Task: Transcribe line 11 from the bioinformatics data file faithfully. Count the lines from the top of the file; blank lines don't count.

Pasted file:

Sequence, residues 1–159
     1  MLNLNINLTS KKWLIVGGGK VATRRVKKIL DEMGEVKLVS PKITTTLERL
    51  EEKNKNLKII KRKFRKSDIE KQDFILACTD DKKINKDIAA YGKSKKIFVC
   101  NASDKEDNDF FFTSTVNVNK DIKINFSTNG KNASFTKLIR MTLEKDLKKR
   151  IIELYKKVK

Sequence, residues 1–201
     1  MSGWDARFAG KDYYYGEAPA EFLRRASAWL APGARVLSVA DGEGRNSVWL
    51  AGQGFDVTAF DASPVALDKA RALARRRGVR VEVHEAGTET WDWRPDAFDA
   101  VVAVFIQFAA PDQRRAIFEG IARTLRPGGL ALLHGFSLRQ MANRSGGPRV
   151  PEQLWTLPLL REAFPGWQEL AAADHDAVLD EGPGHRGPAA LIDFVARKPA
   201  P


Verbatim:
   201  P